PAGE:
As a powerful electroporation system, Lonza 4D-nucleofector™ has been shown to be efficient and reliable in various mammalian cell lines [21, 22]. However, as the Lonza 4D-nucleofector™ manufacturer only provides name codes of built-in programs, thus it is impossible for the user to modify the electroporation conditions such as voltage, pulse width, and number of pulses, unlike other nucleofectors such as BTX  and Gene Pulser Xcell . In this study, we firstly detected the transfection efficiencies and survival rates of delivering the 13 kb Cas9-EGFP plasmid and equimolar amount of the 3.5 kb pMAX-GFP plasmid. For the delivery of Cas9-EGFP (13 kb) plasmid, the highest transfection efficiency was obtained via the EN-150 program, and the CA-137 program yielded the lowest transfection efficiency and the highest cell survival rate in both vessels and strips (Figs. 1A and 2A). For the delivery of 3.5 kb plasmid, EH-100 and EN-150 achieved superior transfection efficiencies and comparable survive rates in both vessels and strips (Figs. 1B and 2B). The strips showed overall slightly higher transfection efficiencies and slightly lower cell survival rates than those in vessels for delivering the 13 kb plasmid (Figs. 1A and 2A), whereas the trend was contrary with the delivery of the 3.5 kb plasmid (Figs. 1B and 2B). This suggests that a preliminary experiment for comparison of the transfection efficiency and survival rate in specific cell lines in vessels and strips may be worthy before large-scale electroporation. The cell transfection efficiency usually decreases with the increase of vector size [25, 26]. Indeed, the transfection efficiencies with Cas9-EGFP were notably lower than those for pMAX-GFP plasmid in both vessels (Fig. 1A and B) and strips (Fig. 2A and B) in this study.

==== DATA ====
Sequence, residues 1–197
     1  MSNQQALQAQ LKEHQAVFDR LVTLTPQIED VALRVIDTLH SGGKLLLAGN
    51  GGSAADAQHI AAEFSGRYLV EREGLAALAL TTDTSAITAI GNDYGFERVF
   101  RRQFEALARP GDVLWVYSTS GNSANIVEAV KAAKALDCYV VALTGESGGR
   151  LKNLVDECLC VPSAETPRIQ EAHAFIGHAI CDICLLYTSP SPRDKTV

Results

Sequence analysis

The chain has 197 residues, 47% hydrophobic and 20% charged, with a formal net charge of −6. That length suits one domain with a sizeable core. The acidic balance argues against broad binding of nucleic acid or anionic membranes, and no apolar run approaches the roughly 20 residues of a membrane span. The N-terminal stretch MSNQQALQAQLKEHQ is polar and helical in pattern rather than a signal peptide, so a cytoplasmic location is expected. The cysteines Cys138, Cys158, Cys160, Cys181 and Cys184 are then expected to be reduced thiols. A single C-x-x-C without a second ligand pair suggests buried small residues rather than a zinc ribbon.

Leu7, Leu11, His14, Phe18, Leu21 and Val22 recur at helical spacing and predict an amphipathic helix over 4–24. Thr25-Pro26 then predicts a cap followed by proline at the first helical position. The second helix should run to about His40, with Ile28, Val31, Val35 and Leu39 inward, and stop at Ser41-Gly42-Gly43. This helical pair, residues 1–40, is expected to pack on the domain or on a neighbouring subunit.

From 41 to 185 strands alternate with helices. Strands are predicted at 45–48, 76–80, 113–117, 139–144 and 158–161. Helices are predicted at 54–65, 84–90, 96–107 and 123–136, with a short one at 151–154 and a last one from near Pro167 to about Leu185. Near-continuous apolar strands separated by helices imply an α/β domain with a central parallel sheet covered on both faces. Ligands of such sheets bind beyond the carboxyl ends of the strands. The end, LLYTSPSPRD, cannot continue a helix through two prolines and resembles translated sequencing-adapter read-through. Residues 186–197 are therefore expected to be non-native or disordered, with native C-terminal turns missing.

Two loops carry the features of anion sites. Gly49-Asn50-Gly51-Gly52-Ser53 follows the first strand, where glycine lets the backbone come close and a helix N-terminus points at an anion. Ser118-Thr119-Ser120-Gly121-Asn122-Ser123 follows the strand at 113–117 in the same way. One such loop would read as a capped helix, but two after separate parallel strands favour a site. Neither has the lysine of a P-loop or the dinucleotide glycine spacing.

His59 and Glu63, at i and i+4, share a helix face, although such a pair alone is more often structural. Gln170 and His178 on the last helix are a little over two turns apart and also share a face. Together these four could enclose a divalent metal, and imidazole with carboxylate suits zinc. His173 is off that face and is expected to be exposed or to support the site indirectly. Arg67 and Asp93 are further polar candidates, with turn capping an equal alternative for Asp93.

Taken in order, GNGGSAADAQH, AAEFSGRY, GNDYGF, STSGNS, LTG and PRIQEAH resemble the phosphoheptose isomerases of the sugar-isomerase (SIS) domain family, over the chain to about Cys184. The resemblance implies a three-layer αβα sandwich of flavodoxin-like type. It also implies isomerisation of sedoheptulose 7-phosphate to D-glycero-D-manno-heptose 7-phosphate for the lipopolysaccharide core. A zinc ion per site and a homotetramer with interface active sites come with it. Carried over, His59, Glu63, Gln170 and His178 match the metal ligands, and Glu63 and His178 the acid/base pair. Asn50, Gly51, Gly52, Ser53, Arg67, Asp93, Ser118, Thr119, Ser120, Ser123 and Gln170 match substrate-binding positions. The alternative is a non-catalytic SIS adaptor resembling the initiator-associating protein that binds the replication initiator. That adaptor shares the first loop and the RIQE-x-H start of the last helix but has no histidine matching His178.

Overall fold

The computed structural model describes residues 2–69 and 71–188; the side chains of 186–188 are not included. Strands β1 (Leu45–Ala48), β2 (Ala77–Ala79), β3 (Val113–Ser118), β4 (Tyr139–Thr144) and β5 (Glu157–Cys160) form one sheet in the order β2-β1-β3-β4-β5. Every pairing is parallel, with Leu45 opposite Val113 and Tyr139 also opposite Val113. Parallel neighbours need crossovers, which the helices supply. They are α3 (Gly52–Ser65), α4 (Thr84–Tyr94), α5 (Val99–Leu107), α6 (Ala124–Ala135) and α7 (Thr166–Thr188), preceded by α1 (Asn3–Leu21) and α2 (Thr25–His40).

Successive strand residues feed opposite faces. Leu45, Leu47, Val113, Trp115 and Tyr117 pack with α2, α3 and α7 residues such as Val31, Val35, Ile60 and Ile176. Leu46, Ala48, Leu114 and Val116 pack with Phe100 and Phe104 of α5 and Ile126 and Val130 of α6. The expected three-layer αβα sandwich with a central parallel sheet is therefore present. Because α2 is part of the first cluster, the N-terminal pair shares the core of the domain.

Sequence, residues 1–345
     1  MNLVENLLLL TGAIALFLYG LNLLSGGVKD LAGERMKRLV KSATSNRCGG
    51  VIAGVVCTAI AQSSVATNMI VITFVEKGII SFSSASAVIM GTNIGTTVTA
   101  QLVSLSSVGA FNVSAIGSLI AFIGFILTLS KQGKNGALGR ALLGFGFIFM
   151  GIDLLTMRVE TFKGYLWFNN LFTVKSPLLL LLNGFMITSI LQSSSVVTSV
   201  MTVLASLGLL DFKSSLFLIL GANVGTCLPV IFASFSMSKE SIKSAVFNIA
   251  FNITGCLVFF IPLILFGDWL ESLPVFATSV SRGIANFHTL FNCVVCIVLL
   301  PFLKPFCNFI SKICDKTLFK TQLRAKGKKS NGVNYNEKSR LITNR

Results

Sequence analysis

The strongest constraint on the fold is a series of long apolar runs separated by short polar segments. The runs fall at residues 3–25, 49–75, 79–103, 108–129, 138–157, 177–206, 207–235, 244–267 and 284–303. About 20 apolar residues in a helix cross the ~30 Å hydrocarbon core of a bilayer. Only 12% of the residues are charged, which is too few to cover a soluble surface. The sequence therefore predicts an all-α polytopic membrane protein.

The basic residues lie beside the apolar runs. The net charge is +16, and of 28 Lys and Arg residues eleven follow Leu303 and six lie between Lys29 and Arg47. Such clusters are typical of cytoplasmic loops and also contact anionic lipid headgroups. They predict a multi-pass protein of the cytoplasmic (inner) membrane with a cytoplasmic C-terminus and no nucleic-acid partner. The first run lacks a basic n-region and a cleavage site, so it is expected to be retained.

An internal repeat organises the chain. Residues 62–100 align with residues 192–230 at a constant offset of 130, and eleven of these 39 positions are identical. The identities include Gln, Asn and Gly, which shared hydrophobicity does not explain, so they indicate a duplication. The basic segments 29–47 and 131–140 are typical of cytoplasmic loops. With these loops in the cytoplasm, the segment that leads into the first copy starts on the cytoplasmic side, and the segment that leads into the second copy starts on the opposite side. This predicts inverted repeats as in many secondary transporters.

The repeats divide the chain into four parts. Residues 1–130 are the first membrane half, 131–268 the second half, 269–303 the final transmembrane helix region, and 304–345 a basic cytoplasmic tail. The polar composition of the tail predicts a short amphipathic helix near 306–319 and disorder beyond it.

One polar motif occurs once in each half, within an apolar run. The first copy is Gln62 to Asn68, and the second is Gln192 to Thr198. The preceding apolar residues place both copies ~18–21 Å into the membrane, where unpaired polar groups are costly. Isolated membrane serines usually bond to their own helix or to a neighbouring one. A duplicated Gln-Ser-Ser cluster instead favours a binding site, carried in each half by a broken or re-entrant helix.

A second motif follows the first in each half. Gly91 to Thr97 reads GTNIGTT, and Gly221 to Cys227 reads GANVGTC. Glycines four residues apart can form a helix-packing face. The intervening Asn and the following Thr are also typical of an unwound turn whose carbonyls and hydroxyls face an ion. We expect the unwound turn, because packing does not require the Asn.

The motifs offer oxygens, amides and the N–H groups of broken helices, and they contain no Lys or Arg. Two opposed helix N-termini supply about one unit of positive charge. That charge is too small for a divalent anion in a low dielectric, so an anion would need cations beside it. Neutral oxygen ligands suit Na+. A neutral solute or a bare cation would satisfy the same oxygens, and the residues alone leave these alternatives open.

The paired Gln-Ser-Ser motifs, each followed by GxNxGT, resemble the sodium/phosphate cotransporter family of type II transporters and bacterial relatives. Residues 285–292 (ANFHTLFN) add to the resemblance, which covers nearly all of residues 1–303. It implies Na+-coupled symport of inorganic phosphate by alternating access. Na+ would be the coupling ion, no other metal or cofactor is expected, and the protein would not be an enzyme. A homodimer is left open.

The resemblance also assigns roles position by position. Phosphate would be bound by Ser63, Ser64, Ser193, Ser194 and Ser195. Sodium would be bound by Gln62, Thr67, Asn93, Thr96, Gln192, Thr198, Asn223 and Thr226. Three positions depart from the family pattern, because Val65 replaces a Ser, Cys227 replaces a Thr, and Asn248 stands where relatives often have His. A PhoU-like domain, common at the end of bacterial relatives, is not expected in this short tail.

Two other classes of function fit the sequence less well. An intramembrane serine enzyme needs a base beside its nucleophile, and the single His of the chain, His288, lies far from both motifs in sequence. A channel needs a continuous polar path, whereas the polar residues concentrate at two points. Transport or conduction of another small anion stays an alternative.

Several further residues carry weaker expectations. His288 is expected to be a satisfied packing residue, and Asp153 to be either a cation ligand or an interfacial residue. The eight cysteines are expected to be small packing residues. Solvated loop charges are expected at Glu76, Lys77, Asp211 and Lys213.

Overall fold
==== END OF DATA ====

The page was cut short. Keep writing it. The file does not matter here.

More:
Inspired by using repeated electric pulses in BTX nucleofection, we speculated that a combination of single programs might improve the transfection efficiency. To test this hypothesis, we designed 6 custom dual-electroporation programs each consisting of 2 built-in programs executed successively. All the tested dual-electroporation programs yielded transfection efficiencies exceeding 80% for the 13-kb plasmid in either vessels or strips, at the cost of reduced survival rate (Figs. 1C and 2 C). It is worth mentioning that 98.1% of transfection efficiency was achieved when electroporated with FF-113 + CA-137 program in vessels (Fig. 1C). Overall, combinations of FF-113 + CA-137 and CA-137 + CA-137 seemed to have satisfactory performance in delivering the large plasmid (Figs. 1C and 2 C). Using these programs, we found that, for the large size plasmid, there is an optimal range of plasmid amount for transfection of PFFs, taking both transfection efficiency and survival rate into consideration (Figs. 1E and 2D). Therefore, as also mentioned in other studies , plasmid dosage is one of the vital parameters for delivering large-size plasmids into hard-to-transfect cells. In addition, we performed CCK-8 assay to assess whether dual electroporation affects the cell proliferation, and found that cell proliferation after electroporation was significantly associated with survival rates but not dual electroporation (Fig. 2, S4).